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Rethinking careers: business leaders need to explore non-traditional hires if they want to guarantee the best teams

Written by Mark Wilson, CEO of Wilson Fletcher

The world of work has changed profoundly, here in the UK and in many parts of the world. The pandemic has brought a seismic shift in attitudes towards how and where we work, both from the perspective of employee expectations and employer licence. But there was a change happening in the nature of careers long before we all went into lockdown; one that both companies and new entrants to professional life need to pay attention to.

My role is Managing Partner & CEO of Wilson Fletcher, a small, specialist business innovation consultancy I co-founded almost 20 years ago. I’m mainly a practitioner, spending most of my time helping leaders of established companies figure out where to go next, and how to get there. I also have to set the direction for our own company, and help to grow and develop the people in our team. I’m a weird hybrid; part designer, part business strategist, part all sorts of things. I have little formal training in any of the things I do (and some would say it shows…). Originally I trained to be an architect. I don’t fit a standard box and I often find it hard to describe to people outside of our industry what I actually do.

That’s a challenge, and, much more so, an opportunity for young people joining companies like ours at the start of their professional lives. As I look across our team, we find it harder and harder to come up with job titles for people because their roles don’t have traditional limitations. And nor do the people doing them.

Increasingly, as the digital economy rewrites the rules of many aspects of everyday life and work, we need people who haven’t followed traditional career paths. We need diverse thinkers with varied interests who are willing to build a unique body of experience that makes them super-valuable.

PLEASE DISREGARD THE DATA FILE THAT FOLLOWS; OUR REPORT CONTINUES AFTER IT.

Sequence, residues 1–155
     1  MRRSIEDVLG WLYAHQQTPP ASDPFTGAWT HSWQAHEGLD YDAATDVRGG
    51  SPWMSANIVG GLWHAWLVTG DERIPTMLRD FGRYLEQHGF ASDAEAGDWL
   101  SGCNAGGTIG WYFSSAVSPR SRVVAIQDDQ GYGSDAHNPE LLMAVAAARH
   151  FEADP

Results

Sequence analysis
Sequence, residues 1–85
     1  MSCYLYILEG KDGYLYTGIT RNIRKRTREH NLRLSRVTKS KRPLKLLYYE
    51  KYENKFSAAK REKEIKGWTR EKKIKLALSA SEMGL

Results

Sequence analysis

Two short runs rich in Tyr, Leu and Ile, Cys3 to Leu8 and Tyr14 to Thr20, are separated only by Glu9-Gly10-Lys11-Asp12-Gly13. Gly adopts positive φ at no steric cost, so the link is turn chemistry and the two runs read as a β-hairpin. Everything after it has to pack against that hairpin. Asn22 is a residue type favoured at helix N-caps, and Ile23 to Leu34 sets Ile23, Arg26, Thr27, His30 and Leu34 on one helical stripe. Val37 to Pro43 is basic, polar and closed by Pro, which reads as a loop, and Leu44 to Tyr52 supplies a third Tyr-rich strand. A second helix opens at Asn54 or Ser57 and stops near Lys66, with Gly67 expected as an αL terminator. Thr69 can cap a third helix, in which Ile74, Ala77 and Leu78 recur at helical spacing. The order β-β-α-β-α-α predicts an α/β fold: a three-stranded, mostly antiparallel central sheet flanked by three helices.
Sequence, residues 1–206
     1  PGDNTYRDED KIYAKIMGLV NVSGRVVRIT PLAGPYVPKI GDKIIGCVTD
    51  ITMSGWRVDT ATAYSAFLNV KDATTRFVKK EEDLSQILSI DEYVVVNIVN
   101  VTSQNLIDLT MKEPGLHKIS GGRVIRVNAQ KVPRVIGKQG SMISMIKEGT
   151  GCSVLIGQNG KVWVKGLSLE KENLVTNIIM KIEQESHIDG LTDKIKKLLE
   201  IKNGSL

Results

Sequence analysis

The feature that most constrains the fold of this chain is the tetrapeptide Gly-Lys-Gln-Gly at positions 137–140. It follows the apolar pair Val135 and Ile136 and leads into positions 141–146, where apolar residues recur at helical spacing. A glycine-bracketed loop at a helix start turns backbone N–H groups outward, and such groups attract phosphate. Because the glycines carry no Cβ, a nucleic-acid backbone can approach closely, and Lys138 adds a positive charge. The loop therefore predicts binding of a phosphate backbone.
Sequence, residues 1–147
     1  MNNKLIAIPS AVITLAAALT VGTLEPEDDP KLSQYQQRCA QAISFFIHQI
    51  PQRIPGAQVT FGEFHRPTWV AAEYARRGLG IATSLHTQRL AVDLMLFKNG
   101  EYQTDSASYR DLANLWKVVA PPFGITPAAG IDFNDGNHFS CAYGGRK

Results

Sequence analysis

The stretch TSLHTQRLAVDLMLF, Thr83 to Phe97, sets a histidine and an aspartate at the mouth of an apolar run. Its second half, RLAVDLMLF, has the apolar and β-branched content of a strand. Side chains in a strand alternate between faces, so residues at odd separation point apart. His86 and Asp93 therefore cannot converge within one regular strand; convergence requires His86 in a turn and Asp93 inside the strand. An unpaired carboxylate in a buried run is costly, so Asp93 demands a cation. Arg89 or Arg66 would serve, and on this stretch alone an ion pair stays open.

In our team, I can give you two examples at differing ends of the scale. Emma is a Managing Partner in our business. She basically runs the place, but she’s also an expert programme designer, able to shape projects to deliver solutions to really complex challenges. There’s no course out there teaching that skill and I’m not sure there can be. Emma did an applied arts degree, specialising in jewellery-making. She joined us 11 years ago to manage our research facilities. We could tell she was smart, but we couldn’t possibly have known that she’d end up where she is, and she’s grown a skill set that few, if any, others have by thinking in her way and collecting a diverse range of on-project experiences over many years.

Meanwhile, at the start of her professional career is Lauren, who joined us on an internship at the beginning of the year. Lauren wrote to us after I’d posted an article on LinkedIn saying that we were looking to recruit and wanted people who didn’t fit traditional boxes.

She did a fine art degree, then a masters in sustainable design, and is interested in design research, which is what she’s currently doing with us, already making an impressive contribution to the work we do. I have no idea what she will be doing in 11 years but I will bet that she will also have carved out a role that is equal parts hard to label and incredibly valuable to the world we live in then: our job is to help her gather the experiences she needs to get there.

So, as we shake off the imposed constraints from the last two years and move into a world of hybrid working, I’d urge all employers to open their minds to recruiting interesting young people – tomorrow’s hybrid professionals – whose CV is not obviously vocational or ticking the boxes on a job spec. In fact, in many cases, you can do away with those traditional job specs. Instead put your needs out to the market and listen to applications from people who, while they may not fit in a neat box, could prove to be the future of your business.

And to the new generation of people hitting the workplace I’d say don’t be afraid to be honest about not having a laser-sharp career path in your head, and certainly don’t be afraid to feel your way for a while, because all of those experiences you collect in areas that interest you will contribute to shaping a career that’s all your own.

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